• Download and install any premium plugins and themes we might not have access to
  • Adding non WordPress content back to the site
  • Checking your site for issues after restoration
  • Re-apply custom settings where it’s not feasible for us to do so.

What is a WordPress hack?

Most people’s understanding of a web site being hacked comes from headlines in the media where data is stolen and then sold or simply dumped online. These targeted hacks can result in huge damage to businesses but on the whole are very rare.

Most hacks that we see on our platforms are automated attacks; rather than targeting a specific site, attackers are exploiting known vulnerabilities in software such as a WordPress plugin. They then try to attack that vulnerability against as many sites as they can. The content on sites infected by these automated attacks are irrelevant to the hackers. Instead they’re looking to extort or abuse the resources of your hosting account.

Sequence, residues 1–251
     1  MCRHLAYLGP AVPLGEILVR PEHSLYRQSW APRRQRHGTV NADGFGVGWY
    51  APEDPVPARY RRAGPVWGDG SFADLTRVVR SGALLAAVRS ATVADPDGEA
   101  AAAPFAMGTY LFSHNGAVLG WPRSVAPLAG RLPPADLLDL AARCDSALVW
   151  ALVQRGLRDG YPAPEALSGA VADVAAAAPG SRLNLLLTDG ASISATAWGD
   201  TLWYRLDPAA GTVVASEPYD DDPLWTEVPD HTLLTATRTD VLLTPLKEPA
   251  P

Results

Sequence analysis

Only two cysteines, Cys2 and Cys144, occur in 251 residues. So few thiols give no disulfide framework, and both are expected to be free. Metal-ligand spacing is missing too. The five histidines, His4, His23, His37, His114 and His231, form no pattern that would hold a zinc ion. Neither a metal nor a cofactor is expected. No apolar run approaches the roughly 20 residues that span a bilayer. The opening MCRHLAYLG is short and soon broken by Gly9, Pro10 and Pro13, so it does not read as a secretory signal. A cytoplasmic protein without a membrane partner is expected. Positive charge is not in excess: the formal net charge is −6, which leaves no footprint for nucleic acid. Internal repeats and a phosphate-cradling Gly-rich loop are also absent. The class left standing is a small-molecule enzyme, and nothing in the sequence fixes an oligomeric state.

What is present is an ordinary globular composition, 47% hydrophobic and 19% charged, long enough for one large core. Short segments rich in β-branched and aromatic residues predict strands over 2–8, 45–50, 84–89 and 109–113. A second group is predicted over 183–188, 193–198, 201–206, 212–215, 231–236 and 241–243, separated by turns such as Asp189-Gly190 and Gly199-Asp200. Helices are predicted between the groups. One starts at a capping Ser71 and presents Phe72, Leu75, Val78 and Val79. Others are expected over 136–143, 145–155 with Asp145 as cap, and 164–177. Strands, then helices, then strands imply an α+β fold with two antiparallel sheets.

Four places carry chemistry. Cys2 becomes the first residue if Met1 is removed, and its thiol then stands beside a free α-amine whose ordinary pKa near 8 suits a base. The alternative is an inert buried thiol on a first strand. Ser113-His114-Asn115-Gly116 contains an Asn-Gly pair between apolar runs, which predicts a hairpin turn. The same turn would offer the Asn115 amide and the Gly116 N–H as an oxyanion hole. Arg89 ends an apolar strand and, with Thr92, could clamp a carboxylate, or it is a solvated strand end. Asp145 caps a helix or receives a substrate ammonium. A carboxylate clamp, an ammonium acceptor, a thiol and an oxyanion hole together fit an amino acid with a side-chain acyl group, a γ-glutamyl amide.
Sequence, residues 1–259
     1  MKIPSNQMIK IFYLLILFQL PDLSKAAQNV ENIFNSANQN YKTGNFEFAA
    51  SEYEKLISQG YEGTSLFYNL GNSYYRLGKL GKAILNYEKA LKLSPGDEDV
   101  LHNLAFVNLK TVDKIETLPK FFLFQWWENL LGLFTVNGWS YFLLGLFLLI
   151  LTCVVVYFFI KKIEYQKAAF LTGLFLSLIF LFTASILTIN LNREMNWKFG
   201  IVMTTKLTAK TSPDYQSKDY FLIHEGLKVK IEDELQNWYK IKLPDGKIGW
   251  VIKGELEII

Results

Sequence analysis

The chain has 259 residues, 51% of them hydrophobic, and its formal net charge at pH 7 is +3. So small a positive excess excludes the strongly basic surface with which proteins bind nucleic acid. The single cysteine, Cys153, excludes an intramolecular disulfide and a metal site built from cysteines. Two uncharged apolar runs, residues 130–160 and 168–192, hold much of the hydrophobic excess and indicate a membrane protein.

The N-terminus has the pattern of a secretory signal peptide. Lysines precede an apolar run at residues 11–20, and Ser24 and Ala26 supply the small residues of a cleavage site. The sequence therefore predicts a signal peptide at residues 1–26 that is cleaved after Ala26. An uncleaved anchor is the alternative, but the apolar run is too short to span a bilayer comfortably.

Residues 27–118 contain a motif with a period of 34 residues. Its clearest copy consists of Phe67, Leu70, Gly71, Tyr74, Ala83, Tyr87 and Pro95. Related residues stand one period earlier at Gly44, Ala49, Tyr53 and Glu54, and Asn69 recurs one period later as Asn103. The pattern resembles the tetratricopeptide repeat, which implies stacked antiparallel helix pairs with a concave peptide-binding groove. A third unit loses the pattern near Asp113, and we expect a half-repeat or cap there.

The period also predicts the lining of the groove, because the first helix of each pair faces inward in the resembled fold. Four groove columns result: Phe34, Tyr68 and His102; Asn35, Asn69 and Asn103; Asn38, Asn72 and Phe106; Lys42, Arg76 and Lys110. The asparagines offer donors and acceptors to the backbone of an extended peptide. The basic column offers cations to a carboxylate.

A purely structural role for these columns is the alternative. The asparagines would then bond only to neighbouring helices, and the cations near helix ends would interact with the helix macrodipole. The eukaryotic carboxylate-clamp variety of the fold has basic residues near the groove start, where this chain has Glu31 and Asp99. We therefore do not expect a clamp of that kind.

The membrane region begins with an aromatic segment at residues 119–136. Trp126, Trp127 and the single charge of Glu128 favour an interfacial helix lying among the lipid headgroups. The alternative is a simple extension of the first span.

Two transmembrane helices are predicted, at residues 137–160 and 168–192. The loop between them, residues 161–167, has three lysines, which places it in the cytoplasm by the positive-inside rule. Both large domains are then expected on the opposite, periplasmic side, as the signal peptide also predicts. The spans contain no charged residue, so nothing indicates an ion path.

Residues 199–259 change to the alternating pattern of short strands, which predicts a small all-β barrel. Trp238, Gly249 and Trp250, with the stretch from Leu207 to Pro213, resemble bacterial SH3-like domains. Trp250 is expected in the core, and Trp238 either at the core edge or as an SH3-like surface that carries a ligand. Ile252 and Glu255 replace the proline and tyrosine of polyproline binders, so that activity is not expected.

While each hack is slightly different, the most common types of hacks can be categorised as:

Email Spamming

By far the most common hack we see; indeed we often identify this hack long before our client even spot it. A hacked site will start to send out large quantity of emails to lots of recipients. If you have ever been asked for money from a wealthy prince via email – chances are the email you received was sent through a hacked site.

Node in a bot network

Your site starts to send large amount of traffic to another address. In effect the attacker is using your server resources and Internet connection to try and force another site offline. This sort of hack is used to guide hundreds of hacked sites to target one single site. The result is a Distributed Denial of Service (DDoS).